What happened on day nine of COP27? 5 key takeaways from Sharm El Sheikh

Vanessa Nakate, of Uganda, left, participates in a Fridays for Future protest at COP27.
Vanessa Nakate, of Uganda, left, participates in a Fridays for Future protest at COP27. Copyright AP Photo/Peter Dejong
By Rosie Frost
Share this articleComments
Share this articleClose Button

Negotiations are still slow but there was a glimmer of hope today as the US and China agreed to resume cooperation on climate issues.


It's day 9 of COP27 and we’re firmly in the second half of the UN climate conference.

Negotiations are still slow but there was a glimmer of hope today as the US and China agreed to resume cooperation on climate issues. Draft texts are also going around, giving clues to what might be in the final deal at the end of the week.

So what happened at COP27 today?

1. US-China climate cooperation could re-energise COP27 negotiations

US President Joe Biden and Chinese leader Xi Jinping have agreed to resume cooperation on climate change. It has offered a much needed boost to negotiations at COP27.

The two leaders of the world’s biggest carbon emitting countries met at the G20 summit in Indonesia. They indicated that they would “empower key senior officials” on areas of cooperation including climate change.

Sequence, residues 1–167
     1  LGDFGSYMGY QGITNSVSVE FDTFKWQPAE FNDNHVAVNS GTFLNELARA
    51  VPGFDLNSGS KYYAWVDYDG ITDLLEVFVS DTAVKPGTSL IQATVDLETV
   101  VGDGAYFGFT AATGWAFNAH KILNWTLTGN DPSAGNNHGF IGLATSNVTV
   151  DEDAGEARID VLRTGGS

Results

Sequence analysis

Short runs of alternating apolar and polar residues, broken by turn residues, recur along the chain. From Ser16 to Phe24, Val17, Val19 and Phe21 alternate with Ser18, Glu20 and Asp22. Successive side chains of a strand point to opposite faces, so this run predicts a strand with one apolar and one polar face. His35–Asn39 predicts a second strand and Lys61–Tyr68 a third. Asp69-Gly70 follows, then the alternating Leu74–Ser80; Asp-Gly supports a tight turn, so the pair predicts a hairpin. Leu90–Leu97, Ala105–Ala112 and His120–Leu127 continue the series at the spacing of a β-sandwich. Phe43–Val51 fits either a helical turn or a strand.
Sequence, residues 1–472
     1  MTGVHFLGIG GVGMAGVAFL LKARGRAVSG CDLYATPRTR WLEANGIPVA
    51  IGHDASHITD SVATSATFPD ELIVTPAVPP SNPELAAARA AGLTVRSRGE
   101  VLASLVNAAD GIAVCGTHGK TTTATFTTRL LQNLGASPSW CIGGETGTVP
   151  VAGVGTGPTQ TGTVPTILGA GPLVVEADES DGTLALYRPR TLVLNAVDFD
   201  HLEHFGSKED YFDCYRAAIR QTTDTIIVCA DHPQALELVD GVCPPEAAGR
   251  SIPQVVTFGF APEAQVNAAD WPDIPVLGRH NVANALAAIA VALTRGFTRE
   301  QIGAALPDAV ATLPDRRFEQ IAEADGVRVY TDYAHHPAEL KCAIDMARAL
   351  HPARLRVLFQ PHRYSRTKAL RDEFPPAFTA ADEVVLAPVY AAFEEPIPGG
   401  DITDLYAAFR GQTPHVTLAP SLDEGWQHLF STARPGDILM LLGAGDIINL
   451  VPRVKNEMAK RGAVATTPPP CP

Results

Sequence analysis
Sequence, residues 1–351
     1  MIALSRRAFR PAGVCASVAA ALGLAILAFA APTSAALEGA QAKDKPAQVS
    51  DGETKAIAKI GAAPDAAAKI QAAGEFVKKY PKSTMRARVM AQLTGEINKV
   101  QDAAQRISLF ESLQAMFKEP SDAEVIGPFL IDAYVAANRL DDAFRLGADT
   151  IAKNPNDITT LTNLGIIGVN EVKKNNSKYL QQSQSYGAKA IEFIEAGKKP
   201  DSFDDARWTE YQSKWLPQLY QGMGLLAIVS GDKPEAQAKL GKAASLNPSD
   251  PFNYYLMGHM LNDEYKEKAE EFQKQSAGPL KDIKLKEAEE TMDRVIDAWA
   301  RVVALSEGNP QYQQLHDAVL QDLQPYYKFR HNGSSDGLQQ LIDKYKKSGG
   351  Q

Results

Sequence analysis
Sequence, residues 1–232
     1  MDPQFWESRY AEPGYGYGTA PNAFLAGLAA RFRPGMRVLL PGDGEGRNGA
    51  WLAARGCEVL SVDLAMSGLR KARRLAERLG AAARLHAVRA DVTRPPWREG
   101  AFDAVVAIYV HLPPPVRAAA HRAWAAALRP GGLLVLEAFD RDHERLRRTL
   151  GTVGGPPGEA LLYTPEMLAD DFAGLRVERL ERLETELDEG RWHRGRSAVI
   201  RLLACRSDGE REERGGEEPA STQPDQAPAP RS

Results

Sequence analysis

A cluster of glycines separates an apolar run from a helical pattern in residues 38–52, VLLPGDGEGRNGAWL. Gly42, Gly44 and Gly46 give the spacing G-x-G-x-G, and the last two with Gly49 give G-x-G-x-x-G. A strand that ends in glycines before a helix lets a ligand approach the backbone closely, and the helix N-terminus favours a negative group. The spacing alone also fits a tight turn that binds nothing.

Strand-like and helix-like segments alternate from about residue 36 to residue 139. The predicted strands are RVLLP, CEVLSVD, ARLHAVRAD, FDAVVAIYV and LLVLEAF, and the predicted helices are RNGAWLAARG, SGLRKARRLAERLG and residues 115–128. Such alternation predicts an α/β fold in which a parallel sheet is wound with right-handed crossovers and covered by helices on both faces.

AP Photo/Alex Brandon
US President Joe Biden, right, stands with Chinese President Xi Jinping before a meeting on the sidelines of the G20 summit.AP Photo/Alex Brandon

Heading into the last week of the UN climate conference, progress has been slow.

Spain’s climate minister Teresa Ribera said she was hopeful that the agreement would energise negotiations in Egypt.

"The two biggest emitters need to be cooperative and ambitious," she told Reuters.

2. Overconsumption not overpopulation is the problem when it comes to climate

On Tuesday, the world’s population reached 8 billion people. At the same time, the planet is getting hotter.

But experts say that the two aren’t as linked as you might think. The problem is consumption rather than overpopulation.

A small number of people are causing far more than their fair share of emissions.

Kenya, for example, has 55 million people - about 95 times more than the population of Wyoming in the United States. But Wyoming emits 3.7 times the amount of carbon dioxide as Kenya.

AP Photo/Fareed Khan
The world's population is projected to hit an estimated 8 billion people on Tuesday.AP Photo/Fareed Khan

Africa as a whole has 16.7 per cent of the world’s population but historically emits only three per cent of global carbon pollution.

The United States, however, has 4.5 per cent of the planet’s people but since 1959 has put out 21.5 per cent of heat-trapping carbon dioxide, according to data from the Global Carbon Project.

“The question is not about population but rather about consumption patterns," said climate scientist Bill Hare of Climate Analytics.

"So it’s best to look at the major northern emitters to begin with.”

3. European Union raises its target for cutting greenhouse gas emissions

The European Union has updated its climate pledges with plans to cut emissions by 57 per cent by 2030.

"I'm happy to announce here today that the EU stands ready to update our NDC (Nationally Determined Contributions) reflecting this higher ambition," EU climate policy chief Frans Timmermans told the COP27 conference in Sharm El Sheikh.